The whole city came out to meet him. Nobody understands that to mean that every man woman and child in every infirm person or invalid actually came out of their houses to greet the returning team that's hyperbole and it's a legitimate form of communicating truth. But I guess I say the most famous form of communication that is related to Jesus is the parable that a parable the word parable again is made up of a prefix par and the bull the end actually the word is a combination sort of the jamming together of this prefix, which means alongside of and the root verb that is the source of the root of this word is the Greek word that means to throw and so literally a parable is something that is thrown along side of something else now St. Augustine when he was teaching his students on the rules of proper biblical interpretation said the three most important rules that must be observed when interpreting a passage from Scripture. Are these three number one context number two context number three context and Augustine assigned this context context context you heard the statement about the three most important things that determine the value of property or real estate, location, location, location so we can say that the three most important elements of dynamic communication or illustration, illustration, illustration, and the principal form of illustration that Jesus used to throw alongside his proclamations and declarations of truth was the parable now parables can be short or parables can be long, we have a tendency to think of parables simply in terms of the lengthy stories such as the parable of the prodigal son or the parable of the good Samaritan, but one can have a very short parable such as if the blind lead the blind. They both fall in the ditch. That's a parable. It's basically one sentence long, but it is a parable and when you notice those shorter, more abbreviated types of parable in the teaching of Jesus, then you will see that the number of parables that are sprinkled through his teaching regions of the school works and not just a handful as we make sometimes supposed now. Often parables take the role of the riddle and they are used in situations of tension and of conflict, and sometimes they become a device or a technique to trap one's opponent in a debate, and Jesus was the master of that you recall when he was engaged in a discussion with the Pharisees concerning their interpretation of the Old Testament law and Jesus had reminded them about the great commandment with also love the Lord thy God with all our heart, the mall, I strengthen all I mind and all that must love your neighbor as yourself. The Pharisees were engaged in a dispute as to who is my neighbor and so they came to Jesus and they said will, who is my neighbor. Jesus could've answered that directly and simply, and said to them well. The guy that lives next door to you or the person that was on your street or could've said everybody in the world is your neighbor, but that's not how he chose to answer the question, what did he do well who is my neighbor and Jason well.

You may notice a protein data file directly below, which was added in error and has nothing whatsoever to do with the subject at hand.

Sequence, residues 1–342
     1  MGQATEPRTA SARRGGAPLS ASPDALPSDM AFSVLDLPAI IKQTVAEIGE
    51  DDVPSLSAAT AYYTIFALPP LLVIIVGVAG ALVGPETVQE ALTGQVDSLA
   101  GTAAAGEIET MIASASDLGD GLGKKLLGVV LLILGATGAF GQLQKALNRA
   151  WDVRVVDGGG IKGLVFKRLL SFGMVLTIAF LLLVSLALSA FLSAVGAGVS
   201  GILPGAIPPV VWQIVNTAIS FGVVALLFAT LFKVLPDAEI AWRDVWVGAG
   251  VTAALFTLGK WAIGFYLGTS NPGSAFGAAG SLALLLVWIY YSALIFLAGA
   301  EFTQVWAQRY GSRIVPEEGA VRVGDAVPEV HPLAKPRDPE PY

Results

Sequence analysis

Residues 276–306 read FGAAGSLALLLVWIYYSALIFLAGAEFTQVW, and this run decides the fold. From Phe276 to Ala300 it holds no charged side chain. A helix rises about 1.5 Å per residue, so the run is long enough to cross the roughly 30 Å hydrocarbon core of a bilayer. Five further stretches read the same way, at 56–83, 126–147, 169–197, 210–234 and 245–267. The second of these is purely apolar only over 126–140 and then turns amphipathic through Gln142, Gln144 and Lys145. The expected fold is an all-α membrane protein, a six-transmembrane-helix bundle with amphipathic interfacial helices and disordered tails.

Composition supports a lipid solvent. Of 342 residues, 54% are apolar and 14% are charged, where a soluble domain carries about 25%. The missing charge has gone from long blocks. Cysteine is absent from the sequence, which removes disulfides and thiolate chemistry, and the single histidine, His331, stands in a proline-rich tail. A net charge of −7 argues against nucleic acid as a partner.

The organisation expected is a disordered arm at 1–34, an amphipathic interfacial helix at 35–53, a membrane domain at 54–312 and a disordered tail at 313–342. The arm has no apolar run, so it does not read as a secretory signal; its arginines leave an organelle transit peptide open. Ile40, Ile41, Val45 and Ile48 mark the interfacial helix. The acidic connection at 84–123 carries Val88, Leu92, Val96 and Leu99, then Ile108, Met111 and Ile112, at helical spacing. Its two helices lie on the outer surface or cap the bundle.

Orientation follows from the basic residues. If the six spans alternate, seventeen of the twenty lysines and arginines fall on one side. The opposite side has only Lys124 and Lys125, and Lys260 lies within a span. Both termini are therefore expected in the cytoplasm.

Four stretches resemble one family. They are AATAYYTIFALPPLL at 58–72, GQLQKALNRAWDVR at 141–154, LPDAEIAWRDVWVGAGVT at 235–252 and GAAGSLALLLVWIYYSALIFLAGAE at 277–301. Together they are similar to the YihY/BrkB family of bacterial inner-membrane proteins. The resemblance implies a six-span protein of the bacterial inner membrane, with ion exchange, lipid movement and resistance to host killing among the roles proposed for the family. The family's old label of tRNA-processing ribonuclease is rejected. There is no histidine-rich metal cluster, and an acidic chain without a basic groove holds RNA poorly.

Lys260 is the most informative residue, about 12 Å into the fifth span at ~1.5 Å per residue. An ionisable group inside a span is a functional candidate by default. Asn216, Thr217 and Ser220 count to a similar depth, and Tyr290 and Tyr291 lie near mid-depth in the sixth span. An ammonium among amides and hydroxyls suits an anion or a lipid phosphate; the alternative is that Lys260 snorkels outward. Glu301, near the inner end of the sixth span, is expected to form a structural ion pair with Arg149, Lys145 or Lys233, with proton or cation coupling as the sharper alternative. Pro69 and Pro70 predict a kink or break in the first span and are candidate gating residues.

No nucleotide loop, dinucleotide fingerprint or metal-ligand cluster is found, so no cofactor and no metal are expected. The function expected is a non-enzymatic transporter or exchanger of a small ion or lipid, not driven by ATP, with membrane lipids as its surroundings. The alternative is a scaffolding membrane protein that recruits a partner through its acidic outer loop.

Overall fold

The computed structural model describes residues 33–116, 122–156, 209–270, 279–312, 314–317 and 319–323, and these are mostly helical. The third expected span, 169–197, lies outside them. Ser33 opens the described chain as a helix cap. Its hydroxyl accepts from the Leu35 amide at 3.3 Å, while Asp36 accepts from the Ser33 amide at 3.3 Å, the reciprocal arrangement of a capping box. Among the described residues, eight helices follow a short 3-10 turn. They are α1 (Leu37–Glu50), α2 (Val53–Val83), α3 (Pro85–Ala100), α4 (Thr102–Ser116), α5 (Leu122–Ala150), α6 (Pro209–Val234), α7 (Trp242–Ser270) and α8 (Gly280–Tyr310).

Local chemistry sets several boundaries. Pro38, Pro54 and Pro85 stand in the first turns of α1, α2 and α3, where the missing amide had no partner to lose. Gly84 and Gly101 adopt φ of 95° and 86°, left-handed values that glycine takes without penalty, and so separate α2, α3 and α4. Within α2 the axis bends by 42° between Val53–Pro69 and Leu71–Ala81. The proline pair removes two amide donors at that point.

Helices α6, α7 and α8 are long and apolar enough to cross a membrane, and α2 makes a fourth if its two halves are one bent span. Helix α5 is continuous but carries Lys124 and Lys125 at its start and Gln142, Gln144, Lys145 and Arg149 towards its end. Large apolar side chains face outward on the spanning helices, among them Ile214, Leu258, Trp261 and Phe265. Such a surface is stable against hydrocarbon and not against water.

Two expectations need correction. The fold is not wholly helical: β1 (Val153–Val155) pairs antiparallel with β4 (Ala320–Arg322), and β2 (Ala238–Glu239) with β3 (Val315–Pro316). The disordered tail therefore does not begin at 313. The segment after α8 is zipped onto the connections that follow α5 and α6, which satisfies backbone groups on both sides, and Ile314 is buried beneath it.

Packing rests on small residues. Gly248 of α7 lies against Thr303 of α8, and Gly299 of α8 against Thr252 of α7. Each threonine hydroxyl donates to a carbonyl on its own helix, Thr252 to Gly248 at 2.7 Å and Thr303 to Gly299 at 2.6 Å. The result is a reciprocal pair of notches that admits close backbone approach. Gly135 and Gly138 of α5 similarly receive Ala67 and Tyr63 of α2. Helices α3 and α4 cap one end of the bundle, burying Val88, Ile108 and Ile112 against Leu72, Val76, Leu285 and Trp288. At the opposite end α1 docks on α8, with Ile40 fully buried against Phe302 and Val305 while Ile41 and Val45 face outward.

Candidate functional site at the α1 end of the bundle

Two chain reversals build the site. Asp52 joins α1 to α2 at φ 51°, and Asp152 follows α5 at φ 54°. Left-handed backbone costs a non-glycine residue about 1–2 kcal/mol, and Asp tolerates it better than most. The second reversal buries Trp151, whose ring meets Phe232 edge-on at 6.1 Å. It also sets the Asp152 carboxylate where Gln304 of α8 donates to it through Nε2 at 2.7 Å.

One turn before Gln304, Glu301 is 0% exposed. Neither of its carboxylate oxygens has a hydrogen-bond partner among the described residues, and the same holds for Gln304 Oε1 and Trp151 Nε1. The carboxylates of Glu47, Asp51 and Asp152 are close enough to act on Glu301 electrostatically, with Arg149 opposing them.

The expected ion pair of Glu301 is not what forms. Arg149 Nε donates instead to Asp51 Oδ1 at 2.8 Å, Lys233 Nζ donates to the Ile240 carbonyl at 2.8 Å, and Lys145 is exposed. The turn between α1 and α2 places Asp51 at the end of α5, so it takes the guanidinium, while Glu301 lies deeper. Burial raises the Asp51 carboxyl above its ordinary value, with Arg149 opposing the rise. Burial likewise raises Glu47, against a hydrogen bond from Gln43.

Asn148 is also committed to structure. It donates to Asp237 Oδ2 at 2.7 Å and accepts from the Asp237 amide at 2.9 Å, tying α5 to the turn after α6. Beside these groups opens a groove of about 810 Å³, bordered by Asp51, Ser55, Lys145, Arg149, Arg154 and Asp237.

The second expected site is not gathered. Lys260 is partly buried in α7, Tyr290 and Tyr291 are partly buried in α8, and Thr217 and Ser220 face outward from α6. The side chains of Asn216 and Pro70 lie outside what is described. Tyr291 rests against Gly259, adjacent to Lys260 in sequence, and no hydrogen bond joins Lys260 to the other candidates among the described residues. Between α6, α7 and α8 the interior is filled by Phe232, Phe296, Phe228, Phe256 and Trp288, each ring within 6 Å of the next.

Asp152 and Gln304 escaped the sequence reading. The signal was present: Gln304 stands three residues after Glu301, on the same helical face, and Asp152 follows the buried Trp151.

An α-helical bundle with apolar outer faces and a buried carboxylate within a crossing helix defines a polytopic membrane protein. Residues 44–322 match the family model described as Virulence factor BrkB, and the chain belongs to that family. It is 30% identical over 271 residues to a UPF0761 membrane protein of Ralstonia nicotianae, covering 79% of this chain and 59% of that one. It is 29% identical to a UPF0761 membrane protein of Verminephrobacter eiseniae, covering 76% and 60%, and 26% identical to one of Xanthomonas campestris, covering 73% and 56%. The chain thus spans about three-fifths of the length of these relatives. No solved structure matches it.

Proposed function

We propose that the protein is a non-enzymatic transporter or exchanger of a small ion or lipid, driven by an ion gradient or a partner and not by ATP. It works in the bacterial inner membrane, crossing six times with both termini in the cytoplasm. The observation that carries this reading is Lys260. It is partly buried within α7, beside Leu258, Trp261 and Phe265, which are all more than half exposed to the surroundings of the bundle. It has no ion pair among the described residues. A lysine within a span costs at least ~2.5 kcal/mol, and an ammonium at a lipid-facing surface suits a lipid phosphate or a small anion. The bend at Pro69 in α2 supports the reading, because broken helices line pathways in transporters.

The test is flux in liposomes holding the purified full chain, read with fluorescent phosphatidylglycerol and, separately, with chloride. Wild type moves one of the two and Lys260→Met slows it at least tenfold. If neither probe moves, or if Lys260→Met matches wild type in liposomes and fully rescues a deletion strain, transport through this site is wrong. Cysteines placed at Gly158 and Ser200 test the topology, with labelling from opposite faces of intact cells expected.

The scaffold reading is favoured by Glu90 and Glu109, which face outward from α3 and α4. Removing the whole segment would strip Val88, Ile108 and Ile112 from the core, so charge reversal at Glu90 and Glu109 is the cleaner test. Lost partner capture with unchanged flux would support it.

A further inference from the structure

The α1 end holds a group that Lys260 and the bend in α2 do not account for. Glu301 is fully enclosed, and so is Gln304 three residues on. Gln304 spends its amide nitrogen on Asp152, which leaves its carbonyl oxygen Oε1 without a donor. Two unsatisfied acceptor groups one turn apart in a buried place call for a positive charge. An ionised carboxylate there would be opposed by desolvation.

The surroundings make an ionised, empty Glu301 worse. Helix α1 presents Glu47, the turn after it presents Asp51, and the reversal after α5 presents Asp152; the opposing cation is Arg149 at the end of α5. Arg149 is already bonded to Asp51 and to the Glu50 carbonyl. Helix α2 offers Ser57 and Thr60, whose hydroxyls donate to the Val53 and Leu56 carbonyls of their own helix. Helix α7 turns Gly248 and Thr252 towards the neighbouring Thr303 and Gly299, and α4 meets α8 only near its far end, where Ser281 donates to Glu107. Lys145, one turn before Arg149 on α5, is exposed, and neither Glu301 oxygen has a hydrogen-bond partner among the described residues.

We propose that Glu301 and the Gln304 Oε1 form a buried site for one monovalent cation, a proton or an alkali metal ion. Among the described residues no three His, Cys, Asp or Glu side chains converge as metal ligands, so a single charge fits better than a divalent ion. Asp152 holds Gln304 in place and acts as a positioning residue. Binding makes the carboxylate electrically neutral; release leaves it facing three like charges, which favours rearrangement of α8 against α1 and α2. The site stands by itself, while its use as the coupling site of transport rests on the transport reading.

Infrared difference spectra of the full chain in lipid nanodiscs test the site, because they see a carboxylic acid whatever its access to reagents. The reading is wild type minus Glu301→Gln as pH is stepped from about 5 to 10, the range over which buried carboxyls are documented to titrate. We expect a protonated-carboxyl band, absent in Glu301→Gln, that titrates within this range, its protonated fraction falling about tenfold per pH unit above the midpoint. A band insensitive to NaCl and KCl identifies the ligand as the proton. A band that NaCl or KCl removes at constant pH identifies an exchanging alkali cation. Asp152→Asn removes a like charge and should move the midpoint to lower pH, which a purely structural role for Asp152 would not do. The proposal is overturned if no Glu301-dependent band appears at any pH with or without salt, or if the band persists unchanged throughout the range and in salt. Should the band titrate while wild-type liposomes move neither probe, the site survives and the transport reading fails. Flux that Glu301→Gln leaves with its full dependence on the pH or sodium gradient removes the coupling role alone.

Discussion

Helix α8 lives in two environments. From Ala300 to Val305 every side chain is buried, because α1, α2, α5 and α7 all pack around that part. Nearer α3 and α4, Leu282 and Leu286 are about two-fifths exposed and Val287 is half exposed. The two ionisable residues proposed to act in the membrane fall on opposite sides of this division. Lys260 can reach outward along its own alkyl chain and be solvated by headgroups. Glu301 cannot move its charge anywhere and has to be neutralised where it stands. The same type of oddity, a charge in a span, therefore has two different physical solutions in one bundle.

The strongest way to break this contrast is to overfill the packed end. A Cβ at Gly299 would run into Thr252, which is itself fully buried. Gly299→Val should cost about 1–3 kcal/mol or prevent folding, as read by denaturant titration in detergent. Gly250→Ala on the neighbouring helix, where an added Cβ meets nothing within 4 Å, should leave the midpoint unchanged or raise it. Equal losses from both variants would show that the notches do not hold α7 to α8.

The man went down from Jericho and he fell among thieves, and he goes on to tell the story of the good Samaritan, and when he's finished with that story. The profound illustration of compassion.